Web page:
The Story of Eggnog – 英会話・英語 アミック
In anticipation of questions from my students about popular American Christmas traditions (and mostly because I don’t actually know), I wanted to scratch my own itch and ask and answer: what is eggnog and why is it so popular in America?
What it is: According to Wiki, eggnog is a rich, white beverage made from milk, cream, sugar, whipped egg whites, and egg yolks. Spices like cinnamon and nutmeg are often added as a topping. Many adults like to also add spirits like rum, brandy, or whisky to kick it up a notch. Some people make it at home, but it can also be found in any supermarket’s dairy section around Christmas time.
How it became a thing: The history of the word is disputed: some argue the name comes from a 17th century English word for beer (nog); others think it’s a slurring of ‘egg’ and ‘grog‘ (an old word for rum); while even more trace it to 18th-century America.
No matter its etymology, the drink itself was popular among Englands’s lower classes and eventually made its way to the Americas in the 18th century. Although today the drink comes alcohol-free by default (in stores, anyway), in early America the opposite was true and it contained whatever hard alcohol was available, including rum, whiskey, bourbon, and sherry. During the Christmas of 1826, heavy consumption of the drink even led to a literal eggnog riot at the U.S. Military Academy.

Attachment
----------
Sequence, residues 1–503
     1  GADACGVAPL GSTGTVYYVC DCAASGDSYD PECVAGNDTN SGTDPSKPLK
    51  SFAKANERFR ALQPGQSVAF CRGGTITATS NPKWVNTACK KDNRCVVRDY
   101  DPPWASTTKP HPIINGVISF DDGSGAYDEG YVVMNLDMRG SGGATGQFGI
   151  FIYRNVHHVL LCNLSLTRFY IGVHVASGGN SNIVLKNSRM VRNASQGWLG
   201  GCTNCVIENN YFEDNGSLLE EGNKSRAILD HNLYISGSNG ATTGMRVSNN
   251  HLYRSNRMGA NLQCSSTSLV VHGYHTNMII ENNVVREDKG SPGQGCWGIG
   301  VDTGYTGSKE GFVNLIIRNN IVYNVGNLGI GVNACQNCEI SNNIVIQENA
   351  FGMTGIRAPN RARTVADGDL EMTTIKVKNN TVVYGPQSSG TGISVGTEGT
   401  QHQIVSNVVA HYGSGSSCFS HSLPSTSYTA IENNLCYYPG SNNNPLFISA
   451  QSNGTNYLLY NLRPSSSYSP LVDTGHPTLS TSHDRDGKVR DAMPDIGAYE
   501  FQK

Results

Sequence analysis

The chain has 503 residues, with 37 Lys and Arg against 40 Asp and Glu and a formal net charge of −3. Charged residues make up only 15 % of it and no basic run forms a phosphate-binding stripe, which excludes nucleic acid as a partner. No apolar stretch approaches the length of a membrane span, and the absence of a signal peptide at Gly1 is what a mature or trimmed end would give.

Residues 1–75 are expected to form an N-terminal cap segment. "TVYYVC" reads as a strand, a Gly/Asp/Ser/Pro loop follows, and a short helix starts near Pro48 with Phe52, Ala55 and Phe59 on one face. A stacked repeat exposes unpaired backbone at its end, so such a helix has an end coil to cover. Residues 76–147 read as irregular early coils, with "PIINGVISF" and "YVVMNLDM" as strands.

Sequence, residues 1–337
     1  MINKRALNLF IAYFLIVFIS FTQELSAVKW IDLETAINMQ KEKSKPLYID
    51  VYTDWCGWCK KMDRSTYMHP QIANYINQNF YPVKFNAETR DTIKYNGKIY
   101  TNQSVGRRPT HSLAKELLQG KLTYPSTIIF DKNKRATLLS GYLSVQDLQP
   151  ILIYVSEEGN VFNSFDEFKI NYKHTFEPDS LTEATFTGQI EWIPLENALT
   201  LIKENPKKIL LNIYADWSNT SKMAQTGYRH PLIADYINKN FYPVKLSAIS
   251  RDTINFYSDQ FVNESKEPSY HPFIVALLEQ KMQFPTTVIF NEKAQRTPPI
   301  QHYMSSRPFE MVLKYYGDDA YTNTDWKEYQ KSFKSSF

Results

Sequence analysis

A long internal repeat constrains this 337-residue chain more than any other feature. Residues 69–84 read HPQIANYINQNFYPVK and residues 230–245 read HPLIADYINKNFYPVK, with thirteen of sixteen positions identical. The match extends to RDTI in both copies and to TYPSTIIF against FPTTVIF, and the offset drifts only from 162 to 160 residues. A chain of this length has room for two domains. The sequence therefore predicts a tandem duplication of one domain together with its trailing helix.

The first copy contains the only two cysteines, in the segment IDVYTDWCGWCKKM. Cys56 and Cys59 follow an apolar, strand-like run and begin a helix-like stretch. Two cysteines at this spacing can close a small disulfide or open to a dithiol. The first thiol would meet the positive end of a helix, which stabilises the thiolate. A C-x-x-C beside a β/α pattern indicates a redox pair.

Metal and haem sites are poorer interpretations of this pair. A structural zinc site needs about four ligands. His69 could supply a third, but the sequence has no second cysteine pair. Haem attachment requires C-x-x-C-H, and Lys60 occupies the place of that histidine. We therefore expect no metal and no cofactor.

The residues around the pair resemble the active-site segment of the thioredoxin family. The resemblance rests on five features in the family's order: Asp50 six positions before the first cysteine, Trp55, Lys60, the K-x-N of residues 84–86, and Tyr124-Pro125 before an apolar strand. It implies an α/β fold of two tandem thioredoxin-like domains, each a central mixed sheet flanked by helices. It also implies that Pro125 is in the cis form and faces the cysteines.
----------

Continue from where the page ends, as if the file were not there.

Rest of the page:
How Americans feel about it: Eggnog is a very polarizing beverage and many Americans have strong and nuanced opinions about it: some think the homemade version is heaven in a glass but despise the processed supermarket versions, while others will happily drink any variety as long as it’s ‘spiked’ with alcohol. Either way, there’s apparently enough of a market for the stuff that soy, coconut, and even tofu-based versions are now available.
Even if you pass on the drink itself, the beverage’s flavor can be hard to avoid: seeing nog-flavored treats like waffles, ice cream, and cookies isn’t uncommon, making egg nog’s presence around the holidays almost as ubiquitous as cinnamon and peppermint’s.